Sergio Marchionne, our favorite Guy Who Definitely Has Solid Plans and CEO of Fiat Chrysler, revealed a plan to push his company towards hybrid and fully electric models, which isn’t such a bad idea. The bad news is that it’s been decided Maserati will be the halo brand for this.

Here’s the meat of the report from AutoExpress:

The FCA boss told investors and listening journalists that the group will kick on with an initial electrification plan that will conclude in 2022, by which time more than half the FCA fleet will be electrified in some way with Maserati “in particular” championing the change.

“When it [Maserati] completes the development of its next two models, it will effectively switch all of its portfolio to electrification”, said Marchionne.

“As these products come up for renewal post 2019, it will start launching vehicles which are all-electric and which embody, I think, what will be considered state of the art technology.”

Maserati taking the lead on FCA’s electrified model lineup is probably bad for a few reasons. The first, being completely emotional about it, is that Maserati has always had unrestrained styling and lovely, throaty and loud engines. It’s been known to offer a sort-of harsh ownership experience and brand image that once made Maserati stand out.

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Of course, Maserati hasn’t really stood out for some time, and that’s the second issue with this light rebooting of the brand. Other brands, like BMW, McLaren and Porsche have all introduced electrified technology to consumers through expensive performance models. Those brands can do that because they have enough cache and weight to not really suffer if things didn’t work out. Maserati may not carry the same weight.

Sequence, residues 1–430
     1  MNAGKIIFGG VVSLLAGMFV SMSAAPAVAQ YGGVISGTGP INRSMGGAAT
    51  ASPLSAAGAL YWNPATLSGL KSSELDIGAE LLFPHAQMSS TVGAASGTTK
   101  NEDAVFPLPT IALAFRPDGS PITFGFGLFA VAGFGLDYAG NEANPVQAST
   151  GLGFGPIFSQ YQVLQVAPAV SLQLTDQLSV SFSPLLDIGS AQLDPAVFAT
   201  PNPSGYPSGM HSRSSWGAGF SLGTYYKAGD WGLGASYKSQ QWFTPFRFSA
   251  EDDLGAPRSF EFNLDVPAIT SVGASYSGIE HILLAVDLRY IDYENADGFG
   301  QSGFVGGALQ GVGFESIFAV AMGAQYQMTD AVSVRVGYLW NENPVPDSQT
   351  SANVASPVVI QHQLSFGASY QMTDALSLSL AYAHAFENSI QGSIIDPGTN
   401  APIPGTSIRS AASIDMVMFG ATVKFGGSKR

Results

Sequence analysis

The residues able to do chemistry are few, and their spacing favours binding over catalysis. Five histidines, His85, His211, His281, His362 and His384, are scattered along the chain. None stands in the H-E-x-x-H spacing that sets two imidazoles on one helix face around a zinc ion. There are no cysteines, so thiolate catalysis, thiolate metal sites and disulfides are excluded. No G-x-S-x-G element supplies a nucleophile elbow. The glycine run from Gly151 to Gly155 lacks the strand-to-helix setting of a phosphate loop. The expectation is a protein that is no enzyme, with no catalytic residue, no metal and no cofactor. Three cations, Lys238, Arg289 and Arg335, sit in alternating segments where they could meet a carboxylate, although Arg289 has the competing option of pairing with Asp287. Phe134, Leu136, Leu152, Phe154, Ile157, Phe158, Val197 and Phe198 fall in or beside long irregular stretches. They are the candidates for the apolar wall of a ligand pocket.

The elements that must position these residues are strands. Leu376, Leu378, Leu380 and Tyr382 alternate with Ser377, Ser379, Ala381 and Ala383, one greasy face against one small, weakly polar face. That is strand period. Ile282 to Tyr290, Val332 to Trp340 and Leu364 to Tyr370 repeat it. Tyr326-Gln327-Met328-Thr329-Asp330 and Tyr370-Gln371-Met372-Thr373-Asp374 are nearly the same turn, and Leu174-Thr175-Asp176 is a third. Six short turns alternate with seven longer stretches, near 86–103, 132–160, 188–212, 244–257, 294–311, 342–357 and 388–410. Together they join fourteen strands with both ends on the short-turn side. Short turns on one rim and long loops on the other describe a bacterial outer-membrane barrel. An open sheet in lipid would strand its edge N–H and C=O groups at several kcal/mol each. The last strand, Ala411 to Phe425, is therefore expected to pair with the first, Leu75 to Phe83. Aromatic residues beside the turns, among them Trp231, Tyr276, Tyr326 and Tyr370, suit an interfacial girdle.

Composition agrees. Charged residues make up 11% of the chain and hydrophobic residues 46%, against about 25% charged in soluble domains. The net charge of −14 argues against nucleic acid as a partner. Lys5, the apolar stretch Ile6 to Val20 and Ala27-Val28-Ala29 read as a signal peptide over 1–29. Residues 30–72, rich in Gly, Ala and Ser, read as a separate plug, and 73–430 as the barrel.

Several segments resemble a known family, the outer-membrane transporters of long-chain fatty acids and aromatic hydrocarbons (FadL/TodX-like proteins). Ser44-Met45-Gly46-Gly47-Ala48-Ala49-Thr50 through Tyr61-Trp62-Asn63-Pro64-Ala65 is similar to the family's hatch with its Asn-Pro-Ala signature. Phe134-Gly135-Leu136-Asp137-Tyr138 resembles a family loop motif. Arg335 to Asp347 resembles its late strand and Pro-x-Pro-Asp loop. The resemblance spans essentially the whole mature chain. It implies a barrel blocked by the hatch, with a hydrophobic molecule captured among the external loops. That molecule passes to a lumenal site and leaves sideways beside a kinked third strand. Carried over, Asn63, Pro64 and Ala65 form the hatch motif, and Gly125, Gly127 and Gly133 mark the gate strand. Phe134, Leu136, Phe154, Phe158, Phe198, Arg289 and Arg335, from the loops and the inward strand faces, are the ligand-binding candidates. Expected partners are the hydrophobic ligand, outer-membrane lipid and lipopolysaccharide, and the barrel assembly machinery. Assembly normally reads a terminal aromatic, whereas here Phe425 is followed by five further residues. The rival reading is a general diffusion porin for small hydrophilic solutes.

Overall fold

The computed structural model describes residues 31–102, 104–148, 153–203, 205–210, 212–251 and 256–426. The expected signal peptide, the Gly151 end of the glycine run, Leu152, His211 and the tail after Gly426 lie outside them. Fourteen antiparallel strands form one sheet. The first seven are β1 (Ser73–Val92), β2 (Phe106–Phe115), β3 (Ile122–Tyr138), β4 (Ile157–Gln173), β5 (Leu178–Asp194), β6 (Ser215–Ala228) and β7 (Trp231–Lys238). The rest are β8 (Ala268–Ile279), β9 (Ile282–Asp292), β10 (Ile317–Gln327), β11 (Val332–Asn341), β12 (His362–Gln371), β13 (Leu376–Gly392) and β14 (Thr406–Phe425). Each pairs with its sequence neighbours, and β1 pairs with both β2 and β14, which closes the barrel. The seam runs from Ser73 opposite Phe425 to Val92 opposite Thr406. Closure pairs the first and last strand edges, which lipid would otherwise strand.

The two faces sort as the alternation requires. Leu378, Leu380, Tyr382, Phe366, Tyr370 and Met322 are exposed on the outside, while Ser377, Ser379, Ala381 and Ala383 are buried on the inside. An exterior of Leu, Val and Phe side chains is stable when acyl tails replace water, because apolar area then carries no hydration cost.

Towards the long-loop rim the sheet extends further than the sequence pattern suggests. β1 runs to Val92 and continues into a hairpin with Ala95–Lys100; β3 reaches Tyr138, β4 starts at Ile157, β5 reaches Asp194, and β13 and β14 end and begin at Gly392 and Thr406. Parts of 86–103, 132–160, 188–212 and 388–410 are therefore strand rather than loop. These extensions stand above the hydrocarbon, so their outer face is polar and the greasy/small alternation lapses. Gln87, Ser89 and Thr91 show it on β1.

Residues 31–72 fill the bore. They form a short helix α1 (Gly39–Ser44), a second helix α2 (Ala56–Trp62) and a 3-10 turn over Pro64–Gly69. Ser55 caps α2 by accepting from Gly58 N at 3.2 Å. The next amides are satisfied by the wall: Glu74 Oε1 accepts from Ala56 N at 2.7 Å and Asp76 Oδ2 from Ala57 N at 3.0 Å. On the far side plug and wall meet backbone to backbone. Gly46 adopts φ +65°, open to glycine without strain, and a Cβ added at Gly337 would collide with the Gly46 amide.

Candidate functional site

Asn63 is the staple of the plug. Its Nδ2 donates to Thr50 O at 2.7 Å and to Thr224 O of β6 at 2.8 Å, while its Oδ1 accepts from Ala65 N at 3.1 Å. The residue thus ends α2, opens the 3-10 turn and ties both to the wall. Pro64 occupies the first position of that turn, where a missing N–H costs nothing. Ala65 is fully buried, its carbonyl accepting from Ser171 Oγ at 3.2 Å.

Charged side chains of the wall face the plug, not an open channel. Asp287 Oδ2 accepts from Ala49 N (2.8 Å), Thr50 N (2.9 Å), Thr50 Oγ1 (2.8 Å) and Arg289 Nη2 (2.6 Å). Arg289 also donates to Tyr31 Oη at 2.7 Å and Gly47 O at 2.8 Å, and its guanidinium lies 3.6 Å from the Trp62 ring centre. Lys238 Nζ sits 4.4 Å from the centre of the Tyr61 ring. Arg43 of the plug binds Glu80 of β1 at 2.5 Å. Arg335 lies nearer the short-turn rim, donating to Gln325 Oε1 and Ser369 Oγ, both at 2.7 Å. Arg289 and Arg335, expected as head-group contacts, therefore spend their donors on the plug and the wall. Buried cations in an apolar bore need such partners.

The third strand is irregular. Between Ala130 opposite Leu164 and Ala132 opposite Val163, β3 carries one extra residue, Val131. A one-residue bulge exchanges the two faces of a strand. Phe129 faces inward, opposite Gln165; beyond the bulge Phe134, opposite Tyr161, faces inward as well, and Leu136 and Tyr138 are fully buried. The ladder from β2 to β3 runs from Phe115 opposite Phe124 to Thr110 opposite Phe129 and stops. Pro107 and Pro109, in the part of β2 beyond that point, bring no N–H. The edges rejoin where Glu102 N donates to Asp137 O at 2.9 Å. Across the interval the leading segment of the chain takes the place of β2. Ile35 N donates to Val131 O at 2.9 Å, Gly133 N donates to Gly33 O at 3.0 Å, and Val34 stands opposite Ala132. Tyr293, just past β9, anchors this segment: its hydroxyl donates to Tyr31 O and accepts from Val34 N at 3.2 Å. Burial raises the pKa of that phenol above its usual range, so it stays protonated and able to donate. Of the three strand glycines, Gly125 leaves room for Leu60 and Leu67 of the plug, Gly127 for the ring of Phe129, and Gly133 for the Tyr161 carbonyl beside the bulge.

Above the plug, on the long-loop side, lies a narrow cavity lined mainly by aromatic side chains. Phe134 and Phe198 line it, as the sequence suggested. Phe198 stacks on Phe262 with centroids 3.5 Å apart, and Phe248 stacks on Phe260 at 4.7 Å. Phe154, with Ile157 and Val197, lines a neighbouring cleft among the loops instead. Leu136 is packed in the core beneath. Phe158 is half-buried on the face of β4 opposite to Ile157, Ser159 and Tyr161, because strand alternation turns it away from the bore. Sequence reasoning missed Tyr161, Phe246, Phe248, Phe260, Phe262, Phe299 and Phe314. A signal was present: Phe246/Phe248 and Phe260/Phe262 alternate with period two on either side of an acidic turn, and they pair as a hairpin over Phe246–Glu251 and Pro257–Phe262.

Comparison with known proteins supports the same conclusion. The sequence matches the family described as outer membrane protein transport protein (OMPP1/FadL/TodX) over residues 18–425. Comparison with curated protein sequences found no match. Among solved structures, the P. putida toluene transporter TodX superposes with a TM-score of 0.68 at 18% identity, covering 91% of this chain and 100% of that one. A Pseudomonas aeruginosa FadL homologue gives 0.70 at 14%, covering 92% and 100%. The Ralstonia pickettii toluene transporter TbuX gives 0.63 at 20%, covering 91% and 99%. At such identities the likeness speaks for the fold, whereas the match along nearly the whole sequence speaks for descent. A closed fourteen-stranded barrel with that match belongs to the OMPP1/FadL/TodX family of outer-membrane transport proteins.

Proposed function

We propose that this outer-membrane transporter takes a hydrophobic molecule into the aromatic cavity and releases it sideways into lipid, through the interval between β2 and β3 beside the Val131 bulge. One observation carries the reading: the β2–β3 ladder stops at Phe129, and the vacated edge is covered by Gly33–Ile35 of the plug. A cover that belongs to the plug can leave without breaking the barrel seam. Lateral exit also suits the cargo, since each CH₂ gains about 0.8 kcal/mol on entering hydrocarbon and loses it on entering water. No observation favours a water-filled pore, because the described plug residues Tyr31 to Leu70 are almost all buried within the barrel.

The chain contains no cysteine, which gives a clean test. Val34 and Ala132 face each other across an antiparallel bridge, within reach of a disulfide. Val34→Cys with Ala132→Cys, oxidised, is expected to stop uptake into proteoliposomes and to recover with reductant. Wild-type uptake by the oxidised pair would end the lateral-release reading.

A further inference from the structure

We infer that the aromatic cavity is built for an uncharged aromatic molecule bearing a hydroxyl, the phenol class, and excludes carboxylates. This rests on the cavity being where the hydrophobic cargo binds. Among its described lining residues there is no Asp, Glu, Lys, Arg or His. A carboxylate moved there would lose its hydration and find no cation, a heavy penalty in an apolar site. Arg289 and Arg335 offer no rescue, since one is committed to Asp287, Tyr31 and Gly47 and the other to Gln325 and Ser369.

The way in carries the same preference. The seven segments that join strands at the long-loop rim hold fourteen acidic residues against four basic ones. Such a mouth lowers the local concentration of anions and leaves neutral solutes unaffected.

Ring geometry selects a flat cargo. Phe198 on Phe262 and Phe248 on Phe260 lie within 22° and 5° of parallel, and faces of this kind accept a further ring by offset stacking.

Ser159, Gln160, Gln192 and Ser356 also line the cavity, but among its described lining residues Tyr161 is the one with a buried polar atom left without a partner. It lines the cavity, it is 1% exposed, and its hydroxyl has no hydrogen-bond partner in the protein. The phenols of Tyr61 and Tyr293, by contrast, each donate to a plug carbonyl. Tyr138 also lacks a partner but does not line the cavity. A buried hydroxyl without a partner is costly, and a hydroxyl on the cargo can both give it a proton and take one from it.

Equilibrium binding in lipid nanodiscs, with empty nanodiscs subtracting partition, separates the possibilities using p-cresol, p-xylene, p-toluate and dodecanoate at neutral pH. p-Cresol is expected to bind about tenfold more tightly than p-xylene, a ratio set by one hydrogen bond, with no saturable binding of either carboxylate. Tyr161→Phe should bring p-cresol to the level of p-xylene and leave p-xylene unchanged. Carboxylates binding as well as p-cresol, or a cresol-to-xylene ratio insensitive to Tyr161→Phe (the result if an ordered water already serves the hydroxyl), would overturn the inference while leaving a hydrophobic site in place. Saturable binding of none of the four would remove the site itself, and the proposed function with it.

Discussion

I’ve always thought it would be nice to electrify, like, Chrysler or something, and rebuild the meat of FCA with Chrysler, Dodge and Fiat to a level where you could sustain some absolutely insane performance cars over at Maserati and get away with it clean.

But this could be a good thing, as clearly Maserati is a brand in need of some sort of new direction (along with Chrysler and generally most of FCA’s other brands), and introducing electrified technology in a performance brand first could help build an appealing reputation for such technologies to filter down into everyday, less expensive and less performance oriented models of FCA’s other brands.

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I’m torn. I want Maserati to be relevant and exciting and I love the idea of somebody throwing a load of money at the brand. Simultaneously, I’m frustrated it may all end up so uncharacteristically Maserati that it will be completely rejected.

FCA has to do something, and Maserati has to do something, and if we look around, electrification seems to be the something to do. Perhaps the execs will look to model it after what Aston Martin has planned—introducing brand new V12s and manual transmissions while simultaneously developing supportive electrified technology. Yeah, Maserati, do that.